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Article
September 1938

PRIMARY BENIGN TUMOR OF THE HEART OF FORTY-THREE YEARS' DURATION

Author Affiliations

Associate Clinical Professor of Medicine, University of Southern California LOS ANGELES, CALIF.

Arch Intern Med (Chic). 1938;62(3):401-412. doi:10.1001/archinte.1938.00180140048004
Abstract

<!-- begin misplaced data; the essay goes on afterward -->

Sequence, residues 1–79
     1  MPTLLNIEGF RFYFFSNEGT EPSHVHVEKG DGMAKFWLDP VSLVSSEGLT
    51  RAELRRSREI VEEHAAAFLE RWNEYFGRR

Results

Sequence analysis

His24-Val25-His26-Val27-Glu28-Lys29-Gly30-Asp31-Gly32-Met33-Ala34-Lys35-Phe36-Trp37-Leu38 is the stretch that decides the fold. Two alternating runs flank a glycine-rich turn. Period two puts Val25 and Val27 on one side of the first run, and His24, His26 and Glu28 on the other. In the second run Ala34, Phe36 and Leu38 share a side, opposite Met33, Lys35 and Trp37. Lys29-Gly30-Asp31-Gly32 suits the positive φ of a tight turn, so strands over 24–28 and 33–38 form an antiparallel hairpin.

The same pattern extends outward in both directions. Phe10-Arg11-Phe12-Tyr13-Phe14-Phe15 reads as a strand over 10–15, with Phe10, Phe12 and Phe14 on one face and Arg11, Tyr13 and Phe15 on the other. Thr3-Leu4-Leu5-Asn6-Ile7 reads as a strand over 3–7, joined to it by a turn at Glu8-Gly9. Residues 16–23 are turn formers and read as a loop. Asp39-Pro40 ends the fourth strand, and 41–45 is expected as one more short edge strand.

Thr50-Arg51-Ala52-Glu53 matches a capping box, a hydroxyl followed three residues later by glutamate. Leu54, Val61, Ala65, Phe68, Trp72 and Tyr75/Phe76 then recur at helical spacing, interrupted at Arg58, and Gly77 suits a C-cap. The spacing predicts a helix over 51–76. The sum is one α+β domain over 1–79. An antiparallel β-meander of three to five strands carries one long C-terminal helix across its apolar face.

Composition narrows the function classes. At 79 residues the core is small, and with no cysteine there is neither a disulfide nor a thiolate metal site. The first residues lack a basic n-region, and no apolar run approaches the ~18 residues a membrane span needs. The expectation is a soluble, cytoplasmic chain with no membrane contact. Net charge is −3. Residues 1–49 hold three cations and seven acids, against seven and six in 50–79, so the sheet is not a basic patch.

Tumors of the heart are rare. A large series of autopsy reports (approximately 40,000 cases) show that metastatic growths in the heart occur in approximately 0.5 per cent of cases, whereas primary tumors are found in 0.03 per cent (Yater1 and Mead2). On the other hand, studies of cases of malignant growth with disseminated metastases reveal an incidence of about 7.5 per cent in cases of cardiac involvement (Yater,1 Burke3). Metastatic tumors have been reported as diagnosed during life in only 10 cases, the first by Roesler,4 in 1924, and all the others since 1930 (Heninger,5 Willius and Amberg,6 Fishberg,7 Schnitker and Bailey,8 Doane and Solis-Cohen,9 Smith10). Such tumors may involve any part of the heart, but especially the right auricle. They have been described as arising from almost any type of malignant tumor anywhere in the body. Usually they produce no symptoms and are found

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